Adults with VATER association: Long-term prognosis

Patricia G. Wheeler, David D. Weaver

Research output: Contribution to journalArticle

13 Scopus citations


VATER "association" is a common condition, with the diagnosis typically based on a characteristic constellation of congenital anomalies. Reported long-term follow-up information on VATER association is limited, thus making it difficult to prognosticate the future of infants and children with this condition. Further, there are few data on how often the initial diagnosis of VATER association is correct. Some information has been published on growth deficiency and mental retardation, but these data are minimal [Bull et al., 1985; Mapstone et al., 1986; Weaver et al., 1986] and for the most part look at children under the age of 10 years. We have undertaken a long-term follow-up of individuals with VATER association originally reported by Weaver et al. [1986] or diagnosed with VATER association by his associates and him after 1986. Out of the 50 patients, we were able to contact 20 individuals or families. Two of the 20 individuals had died: 1 at 3 days with cardiac failure due to a truncus arteriosus, and 1 at 4 years of unspecified cause. Two were unwilling to participate. Of the rest, we interviewed and examined seven persons, and interviewed another nine by telephone. Of the 16, 5 had some degree of cognitive impairment. These individuals were more likely to have congenital anomalies outside of the typical scope of VATER association, such as prune belly sequence or findings of CHARGE association. Of the nine individuals with a history of imperforate anus, five had partial or complete incontinence as adults leading to difficulties in maintaining employment. Height was at the 5th centile or less in 6 of 16 patients. Three of four patients who were trying to have children, had infertility. In two women, the infertility was thought to be related to congenital anomalies of the genitourinary system and multiple pelvic operations. We also present the long-term medical and neurologic problems in these individuals.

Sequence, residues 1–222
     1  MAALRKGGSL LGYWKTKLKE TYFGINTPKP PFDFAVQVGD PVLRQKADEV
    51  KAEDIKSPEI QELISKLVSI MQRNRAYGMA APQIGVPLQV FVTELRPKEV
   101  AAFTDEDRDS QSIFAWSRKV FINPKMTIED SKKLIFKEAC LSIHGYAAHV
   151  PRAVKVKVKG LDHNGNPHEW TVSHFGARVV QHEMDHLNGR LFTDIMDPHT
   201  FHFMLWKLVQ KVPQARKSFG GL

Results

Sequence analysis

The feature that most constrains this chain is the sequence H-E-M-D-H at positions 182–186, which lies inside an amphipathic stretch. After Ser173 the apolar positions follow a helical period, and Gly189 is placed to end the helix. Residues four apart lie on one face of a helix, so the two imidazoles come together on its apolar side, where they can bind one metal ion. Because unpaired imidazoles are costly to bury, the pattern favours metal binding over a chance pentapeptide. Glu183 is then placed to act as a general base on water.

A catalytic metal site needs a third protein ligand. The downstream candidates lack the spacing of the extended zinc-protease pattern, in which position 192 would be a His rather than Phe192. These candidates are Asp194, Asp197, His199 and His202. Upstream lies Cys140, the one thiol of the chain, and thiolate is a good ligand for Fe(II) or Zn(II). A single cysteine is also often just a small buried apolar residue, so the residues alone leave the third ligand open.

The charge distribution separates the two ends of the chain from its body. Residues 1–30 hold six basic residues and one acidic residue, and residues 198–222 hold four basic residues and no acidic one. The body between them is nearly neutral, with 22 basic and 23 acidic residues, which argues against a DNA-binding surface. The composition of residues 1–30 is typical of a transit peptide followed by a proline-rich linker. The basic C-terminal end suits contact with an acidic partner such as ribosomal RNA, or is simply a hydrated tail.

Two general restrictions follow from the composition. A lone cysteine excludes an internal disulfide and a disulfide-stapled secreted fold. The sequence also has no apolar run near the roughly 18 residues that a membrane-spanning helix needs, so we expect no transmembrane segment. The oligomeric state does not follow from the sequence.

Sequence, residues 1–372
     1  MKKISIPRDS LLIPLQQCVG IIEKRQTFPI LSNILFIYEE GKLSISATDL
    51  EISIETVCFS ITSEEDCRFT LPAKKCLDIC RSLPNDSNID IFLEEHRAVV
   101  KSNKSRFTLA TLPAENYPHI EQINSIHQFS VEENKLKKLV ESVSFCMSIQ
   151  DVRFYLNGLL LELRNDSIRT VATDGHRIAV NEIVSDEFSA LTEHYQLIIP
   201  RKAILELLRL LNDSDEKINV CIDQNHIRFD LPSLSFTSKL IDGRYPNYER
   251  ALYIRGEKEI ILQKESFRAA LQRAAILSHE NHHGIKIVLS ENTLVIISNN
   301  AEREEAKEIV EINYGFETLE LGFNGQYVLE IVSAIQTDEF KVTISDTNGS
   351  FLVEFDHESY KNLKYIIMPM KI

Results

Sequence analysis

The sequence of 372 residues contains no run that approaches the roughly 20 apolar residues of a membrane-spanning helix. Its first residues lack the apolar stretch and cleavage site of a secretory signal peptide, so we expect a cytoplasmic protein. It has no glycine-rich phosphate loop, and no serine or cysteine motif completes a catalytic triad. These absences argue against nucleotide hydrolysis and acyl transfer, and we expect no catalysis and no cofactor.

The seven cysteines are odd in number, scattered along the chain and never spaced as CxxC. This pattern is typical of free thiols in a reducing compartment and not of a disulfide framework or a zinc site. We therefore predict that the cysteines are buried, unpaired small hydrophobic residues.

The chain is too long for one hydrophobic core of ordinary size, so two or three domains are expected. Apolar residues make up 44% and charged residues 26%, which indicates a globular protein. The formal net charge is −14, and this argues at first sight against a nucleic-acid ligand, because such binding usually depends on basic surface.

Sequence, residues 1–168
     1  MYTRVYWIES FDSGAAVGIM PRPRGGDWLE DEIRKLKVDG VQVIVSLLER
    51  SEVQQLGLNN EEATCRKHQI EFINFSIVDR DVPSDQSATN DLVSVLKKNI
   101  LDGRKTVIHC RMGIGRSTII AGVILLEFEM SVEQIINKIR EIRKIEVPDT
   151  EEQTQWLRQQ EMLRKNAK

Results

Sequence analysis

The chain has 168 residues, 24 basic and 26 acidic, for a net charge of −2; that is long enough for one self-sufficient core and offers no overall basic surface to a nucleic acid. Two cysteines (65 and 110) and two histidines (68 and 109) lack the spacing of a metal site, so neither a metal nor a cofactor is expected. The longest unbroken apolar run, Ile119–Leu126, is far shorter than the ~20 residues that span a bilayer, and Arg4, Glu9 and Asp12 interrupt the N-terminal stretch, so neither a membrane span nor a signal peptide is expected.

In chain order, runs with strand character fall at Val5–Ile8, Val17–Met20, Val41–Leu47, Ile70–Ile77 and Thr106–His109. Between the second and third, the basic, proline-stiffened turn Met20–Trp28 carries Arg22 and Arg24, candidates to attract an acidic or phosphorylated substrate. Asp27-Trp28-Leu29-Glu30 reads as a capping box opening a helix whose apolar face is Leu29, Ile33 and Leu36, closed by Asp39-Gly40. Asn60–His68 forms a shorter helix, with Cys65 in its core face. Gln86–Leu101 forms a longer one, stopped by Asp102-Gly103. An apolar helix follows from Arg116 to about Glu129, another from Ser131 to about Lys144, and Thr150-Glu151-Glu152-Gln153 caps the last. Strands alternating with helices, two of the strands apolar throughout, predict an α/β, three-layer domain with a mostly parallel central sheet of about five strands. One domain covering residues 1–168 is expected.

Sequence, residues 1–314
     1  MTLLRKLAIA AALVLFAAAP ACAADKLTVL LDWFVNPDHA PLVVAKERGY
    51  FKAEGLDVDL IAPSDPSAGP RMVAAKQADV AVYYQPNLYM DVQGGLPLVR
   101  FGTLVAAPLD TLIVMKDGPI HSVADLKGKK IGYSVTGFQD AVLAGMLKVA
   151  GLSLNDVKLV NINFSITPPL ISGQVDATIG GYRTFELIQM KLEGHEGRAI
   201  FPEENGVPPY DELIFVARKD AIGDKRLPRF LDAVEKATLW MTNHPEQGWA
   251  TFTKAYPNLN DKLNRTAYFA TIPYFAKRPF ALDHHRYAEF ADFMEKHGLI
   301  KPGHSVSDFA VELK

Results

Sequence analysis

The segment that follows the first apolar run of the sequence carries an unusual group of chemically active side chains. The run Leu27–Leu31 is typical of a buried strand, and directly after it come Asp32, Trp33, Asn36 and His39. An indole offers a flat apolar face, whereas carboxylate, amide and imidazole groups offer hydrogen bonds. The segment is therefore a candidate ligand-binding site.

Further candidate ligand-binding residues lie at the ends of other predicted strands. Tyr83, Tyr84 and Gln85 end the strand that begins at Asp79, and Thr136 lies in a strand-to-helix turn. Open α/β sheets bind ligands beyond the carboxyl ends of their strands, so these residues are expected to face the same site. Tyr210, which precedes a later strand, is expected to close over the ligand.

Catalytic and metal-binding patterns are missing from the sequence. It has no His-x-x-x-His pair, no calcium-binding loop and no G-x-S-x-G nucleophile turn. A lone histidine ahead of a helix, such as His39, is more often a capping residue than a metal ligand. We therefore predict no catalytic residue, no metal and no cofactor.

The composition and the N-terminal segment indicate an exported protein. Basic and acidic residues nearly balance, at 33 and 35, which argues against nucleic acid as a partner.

Original languageEnglish (US)
Pages (from-to)212-217
Number of pages6
JournalAmerican Journal of Medical Genetics
Volume138 A
Issue number3
StatePublished - Oct 15 2005


  • Imperforate anus
  • Long-term follow-up
  • VATER association

ASJC Scopus subject areas

  • Genetics(clinical)

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